Tatiana Loboda is a Professor in the Department of Geographical Sciences at the University of Maryland, College Park. She received her B.A. degree in 1995 from the Moscow Pedagogical State University (Moscow, Russia), and her M.A. (2004) and Ph.D. (2008) degrees from the University of Maryland, College Park. Tatiana’s research interests include wildland fire, biodiversity, climate change, public health and their interactions with other human and physical factors on the landscape.
Her work incorporates satellite observations of land surface conditions and change to study a variety of science questions ranging from impacts of wildfire on ecosystems and climate to assessing the impacts of conservation policies on poor rural communities to forecasting malaria outbreaks in the tropics. Geographically, her research is mostly focused on boreal forest and tundra biomes, although she has also been involved in studies of temperate and tropical ecosystems.
Dr. Loboda has been an investigator on numerous NASA projects funded by the Terrestrial Ecology (TE), Interdisciplinary Science (IDS), and Land Cover and Land Use (LCLUC) programs. In 2015 she became a Principal Investigator (PI) for the NASA Arctic-Boreal Vulnerability Experiment (ABoVE) - a major field campaign aimed at developing a better understanding of the vulnerability and resilience of High Northern Latitude ecosystems and society to a rapidly changing environment.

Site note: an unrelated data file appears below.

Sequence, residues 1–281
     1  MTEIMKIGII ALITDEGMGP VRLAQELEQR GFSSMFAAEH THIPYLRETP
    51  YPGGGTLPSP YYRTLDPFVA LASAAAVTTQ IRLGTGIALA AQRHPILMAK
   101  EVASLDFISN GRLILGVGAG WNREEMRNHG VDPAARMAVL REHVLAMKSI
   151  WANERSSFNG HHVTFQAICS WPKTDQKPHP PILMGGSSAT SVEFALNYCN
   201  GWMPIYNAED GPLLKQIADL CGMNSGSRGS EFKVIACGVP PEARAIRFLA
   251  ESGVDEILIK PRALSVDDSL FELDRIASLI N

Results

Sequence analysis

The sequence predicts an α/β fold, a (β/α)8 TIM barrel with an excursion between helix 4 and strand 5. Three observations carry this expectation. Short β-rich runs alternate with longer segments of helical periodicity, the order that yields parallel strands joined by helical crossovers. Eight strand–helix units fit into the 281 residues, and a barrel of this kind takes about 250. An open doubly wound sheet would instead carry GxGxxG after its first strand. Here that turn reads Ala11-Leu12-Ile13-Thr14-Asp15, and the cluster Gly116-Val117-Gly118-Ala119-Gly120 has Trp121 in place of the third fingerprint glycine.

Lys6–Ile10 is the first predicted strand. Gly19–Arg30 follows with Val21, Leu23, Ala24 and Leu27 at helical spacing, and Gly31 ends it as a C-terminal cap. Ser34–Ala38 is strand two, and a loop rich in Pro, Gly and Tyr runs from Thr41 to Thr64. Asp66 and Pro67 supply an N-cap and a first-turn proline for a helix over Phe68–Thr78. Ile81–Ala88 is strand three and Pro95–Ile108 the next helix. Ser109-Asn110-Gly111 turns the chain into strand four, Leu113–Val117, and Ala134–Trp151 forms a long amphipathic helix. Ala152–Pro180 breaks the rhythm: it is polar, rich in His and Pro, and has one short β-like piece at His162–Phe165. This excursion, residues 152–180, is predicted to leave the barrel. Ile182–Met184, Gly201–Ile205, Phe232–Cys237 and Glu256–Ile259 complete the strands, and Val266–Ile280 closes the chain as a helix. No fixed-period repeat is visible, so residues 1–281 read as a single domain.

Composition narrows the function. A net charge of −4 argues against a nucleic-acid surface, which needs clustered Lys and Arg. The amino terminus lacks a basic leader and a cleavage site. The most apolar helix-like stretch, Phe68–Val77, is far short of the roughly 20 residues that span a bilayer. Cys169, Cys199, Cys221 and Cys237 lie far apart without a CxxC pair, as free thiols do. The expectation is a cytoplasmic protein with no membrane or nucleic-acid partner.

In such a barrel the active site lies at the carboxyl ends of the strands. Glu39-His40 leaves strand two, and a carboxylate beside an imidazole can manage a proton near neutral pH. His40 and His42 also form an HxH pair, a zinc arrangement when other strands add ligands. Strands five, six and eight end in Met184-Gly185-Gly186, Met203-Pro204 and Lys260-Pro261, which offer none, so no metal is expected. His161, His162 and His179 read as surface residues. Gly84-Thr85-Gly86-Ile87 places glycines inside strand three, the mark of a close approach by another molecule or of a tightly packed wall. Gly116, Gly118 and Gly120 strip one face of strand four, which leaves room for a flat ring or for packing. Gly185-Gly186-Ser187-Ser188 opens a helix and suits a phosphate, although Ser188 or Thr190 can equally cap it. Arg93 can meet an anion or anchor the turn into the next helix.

In parallel, since 2014 she has focused on bridging disciplinary gaps with medical researchers to bring cutting edge remote sensing capabilities into monitoring and forecasting malaria outbreaks in South-East Asia. In 2017 she received a prestigious International Centers of Excellence for Malaria Research (ICEMR) NIH grant as part of a multi-institutional interdisciplinary team of researchers to establish a regional Center of Excellence in Myanmar where she will support the global malaria elimination agenda and build regional capacity in satellite monitoring and remote sensing applications.
In 2018, Dr. Loboda was named among "Women Leaders in Fire Science" by the Multidisciplinary Digital Publishing Institute.
Areas of Interest
- Multi-scale impacts of socio-economic and environmental factors on wildland fire occurrence and its characteristics
- Impacts of land use and land cover change on human health
- Impact of climate change on arctic ecosystems: implications for the indigenous people and area’s biodiversity
Degree TypeBADegree DetailsGeography/English, Moscow Pedagogical State University, Moscow Russia, 1995
Degree TypePh.DDegree DetailsGeography, University of Maryland, College Park MD, 2008
Degree TypeMADegree DetailsGeography, University of Maryland, College Park MD, 2004
|Course Name||Course Title||Semester||Syllabus|
|GEOG671||Remote Sensing Instruments and Observations||Fall 2017||Syllabus|
|GEOG271||Introduction to Earth Observation Science||Spring 2015|
|GEOG671||Remote Sensing Instruments and Observations||Fall 2015||Syllabus|
|GEOG472||Remote Sensing: Digital Processing and Analysis||Fall 2014||Syllabus|
Associate Editor for the International Journal of Wildland Fire
Alexandra CockerhamIntern at the University Maryland School of Medicine
Joanne HallPostdoctoral Researcher (UMD)
Dong ChenPostdoctoral Researcher (UMD)
Mark CarrollNASA GSFC
- Alice Barnsdale
- Allison Bredder
- Jordan A. Caraballo-Vega
- Walid Ouaret